Monday, January 30, 2017

January 2017: 9 Nights in a DIY Hammock

I slept outside for 9 nights in January 2017 in my homemade setup:  4 in Asheville, NC, 3 in my back yard, and 2 at the New Jersey Winter Hang.  I stayed warm, slept some with a dog, and had a branch rip through my newly sewn winter tarp.  It is all in the name of fun, so I repaired my tarp and kept hanging.

Ivy practicing for hammock camping in the back yard.

Stuart practicing for hammock camping in the back yard.

Tear I got in the nor'easter.
New Jersey Winter Hang

New Jersey Winter Hang 2017: My DIY Hammock Setup

It got fairly cold at the New Jersey Winter Hang; cold enough for a gallon jug of water that I left out of my car to freeze solid.  I stayed toasty warm in my DIY setup, though.  I took this video on Sunday morning before packing up.  Enjoy!

Wednesday, January 25, 2017

Make an Underquilt Protector for Hammock Camping

I'm very thrilled with my underquilt protector, and its ability to keep me warm and cozy while blocking the wind.  Check out my video on how to make one, and join me in this quick and easy DIY project.

Make a winter tarp with me

Join me while I make a winter tarp, using the pattern from DIY Gear Supply.  This is a multi-part video series, and I'll cover the following topics in separate videos.

Part 1:  Cat curves and fabric cuts
I will show you how I made the patterns for the catenary curves and cut the fabric for the winter tarp.  In this video I use XTrekker's Catenary Curve Calculator.

Part 2:  Sewing the ridgeline
I sew the ridgeline using the flat felled / french seam hybrid method.

Part 3:  Tie-outs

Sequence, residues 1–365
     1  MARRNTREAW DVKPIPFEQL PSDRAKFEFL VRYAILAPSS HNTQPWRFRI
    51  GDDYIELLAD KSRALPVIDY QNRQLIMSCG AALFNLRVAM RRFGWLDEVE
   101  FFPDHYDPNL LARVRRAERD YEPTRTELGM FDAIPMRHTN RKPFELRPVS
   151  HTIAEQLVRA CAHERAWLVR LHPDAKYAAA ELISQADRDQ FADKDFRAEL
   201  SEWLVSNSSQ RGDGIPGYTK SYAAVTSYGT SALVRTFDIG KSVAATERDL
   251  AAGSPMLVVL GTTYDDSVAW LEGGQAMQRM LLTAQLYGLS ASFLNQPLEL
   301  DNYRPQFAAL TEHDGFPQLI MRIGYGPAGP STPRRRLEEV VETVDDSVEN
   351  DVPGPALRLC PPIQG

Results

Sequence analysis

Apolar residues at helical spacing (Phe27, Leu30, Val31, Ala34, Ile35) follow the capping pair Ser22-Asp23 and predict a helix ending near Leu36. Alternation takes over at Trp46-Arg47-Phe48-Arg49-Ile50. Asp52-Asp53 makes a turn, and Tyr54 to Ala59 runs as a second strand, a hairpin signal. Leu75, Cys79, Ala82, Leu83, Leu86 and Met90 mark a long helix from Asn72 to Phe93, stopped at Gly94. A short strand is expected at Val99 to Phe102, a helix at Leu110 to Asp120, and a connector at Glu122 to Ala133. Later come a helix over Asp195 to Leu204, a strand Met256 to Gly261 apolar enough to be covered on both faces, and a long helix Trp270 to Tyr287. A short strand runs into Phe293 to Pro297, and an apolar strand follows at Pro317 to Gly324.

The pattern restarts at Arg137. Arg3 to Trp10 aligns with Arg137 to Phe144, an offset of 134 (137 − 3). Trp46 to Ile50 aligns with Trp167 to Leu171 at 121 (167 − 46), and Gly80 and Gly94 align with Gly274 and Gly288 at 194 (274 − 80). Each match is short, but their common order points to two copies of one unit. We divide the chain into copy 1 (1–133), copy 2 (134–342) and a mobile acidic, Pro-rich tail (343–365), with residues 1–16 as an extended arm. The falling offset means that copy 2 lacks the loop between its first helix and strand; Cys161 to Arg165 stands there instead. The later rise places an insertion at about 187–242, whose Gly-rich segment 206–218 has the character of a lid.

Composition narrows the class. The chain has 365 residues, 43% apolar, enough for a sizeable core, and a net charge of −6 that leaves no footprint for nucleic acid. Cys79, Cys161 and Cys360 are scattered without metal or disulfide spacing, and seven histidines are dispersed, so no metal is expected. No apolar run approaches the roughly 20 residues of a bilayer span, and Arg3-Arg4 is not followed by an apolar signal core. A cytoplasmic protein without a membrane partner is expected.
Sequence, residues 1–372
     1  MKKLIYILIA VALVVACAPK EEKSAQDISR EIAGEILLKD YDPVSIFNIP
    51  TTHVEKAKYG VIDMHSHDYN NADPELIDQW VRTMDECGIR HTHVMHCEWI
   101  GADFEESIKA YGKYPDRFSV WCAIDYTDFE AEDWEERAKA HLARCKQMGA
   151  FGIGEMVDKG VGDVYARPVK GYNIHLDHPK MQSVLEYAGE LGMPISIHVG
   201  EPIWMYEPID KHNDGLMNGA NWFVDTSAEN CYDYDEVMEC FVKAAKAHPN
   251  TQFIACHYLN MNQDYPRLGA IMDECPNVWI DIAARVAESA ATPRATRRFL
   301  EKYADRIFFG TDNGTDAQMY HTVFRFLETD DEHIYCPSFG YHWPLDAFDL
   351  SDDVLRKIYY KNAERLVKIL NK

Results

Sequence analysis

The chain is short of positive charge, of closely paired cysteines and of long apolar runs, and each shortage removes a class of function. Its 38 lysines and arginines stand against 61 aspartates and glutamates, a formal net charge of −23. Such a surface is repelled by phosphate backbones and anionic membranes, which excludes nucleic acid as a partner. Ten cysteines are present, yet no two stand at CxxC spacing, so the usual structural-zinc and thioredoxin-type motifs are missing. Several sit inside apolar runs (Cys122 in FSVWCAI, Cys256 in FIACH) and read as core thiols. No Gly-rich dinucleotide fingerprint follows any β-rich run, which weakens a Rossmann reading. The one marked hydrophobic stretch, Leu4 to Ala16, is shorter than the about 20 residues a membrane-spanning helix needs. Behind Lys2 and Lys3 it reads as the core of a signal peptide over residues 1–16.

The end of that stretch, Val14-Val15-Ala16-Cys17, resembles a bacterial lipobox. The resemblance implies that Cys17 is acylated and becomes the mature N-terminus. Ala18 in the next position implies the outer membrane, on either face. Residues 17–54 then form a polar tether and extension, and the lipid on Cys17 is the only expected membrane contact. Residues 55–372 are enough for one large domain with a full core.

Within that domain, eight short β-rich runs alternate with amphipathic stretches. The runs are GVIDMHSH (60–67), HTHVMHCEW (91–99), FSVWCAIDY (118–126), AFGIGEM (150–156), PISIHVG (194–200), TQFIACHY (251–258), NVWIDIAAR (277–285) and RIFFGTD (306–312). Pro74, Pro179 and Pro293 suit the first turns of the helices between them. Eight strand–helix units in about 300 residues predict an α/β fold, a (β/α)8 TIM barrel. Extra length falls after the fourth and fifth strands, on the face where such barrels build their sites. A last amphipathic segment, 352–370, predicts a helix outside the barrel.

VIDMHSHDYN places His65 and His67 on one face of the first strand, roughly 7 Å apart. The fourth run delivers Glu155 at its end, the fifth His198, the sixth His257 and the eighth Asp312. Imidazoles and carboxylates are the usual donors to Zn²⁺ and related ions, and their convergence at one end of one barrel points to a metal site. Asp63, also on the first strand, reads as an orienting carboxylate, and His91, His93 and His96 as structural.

I'm deviating from the sequence of the pattern a little and I'm attaching my tie-outs so that the webbing is on the inside of the reinforcement fabric.  It works out and I am happy with the product.

Part 4:  Rolled hem using the *rolled hem foot*

I hem the tarp, including the catenary curves, using my 1/8" rolled hem foot.

Part 5:  Side pull  outs
I attach side pull outs to the tarp, and like the tie-outs, I'm deviating from the instructions somewhat.

 Part 6:  Seam Sealing
I use Silnet to seal the seams on the ridgeline and the side pull-outs.

Download the Winter Tarp pattern from DIY Gear Supply:

XTrekker's Catenary Curve Calculator:

How to sew outdoor fabrics with the rolled hem foot:

Monday, January 2, 2017

How to sew outdoor fabrics with a rolled hem foot, including lightweight and waterproof fabrics

The double-rolled hem is the preferred method for finishing single-layer fabric edges on outdoor fabrics.  I have heard some complaints on Hammock Forums that the rolled hem foot is problematic for these applications, leading to inconsistent results and big headaches.  Instead, DIYers are resorting to using hundreds of pins to secure the edges of hand-rolled hems.

In this video I troubleshoot the problems and show you how to sew outdoor fabrics using a rolled hem foot, including challenging fabrics, such as very lightweight (1 oz Hyper D ripstop nylon, 0.66 membrane taffeta) and waterproof (1.1 oz silpoly), using a rolled hem foot.

You can put a rolled hem on your tarps, underquilt protectors, and other outdoor fabric projects without needing a thousand pins. 

You can roll a hem on fabric cut with a catenary curve, or on the bias of the fabric.

The trick is to use a strip of tissue paper beneath the fabric to provide traction between the feed dogs and the fabric, and to pre-fold and guide the fabric into the foot while sewing.  If sewing a straight seam (not a zig-zag), the tissue paper will easily tear away when you are done sewing, and your rolled hem seam will be straight and true.

If you are new to the rolled hem foot, I suggest you practice your skills on scrap fabric first.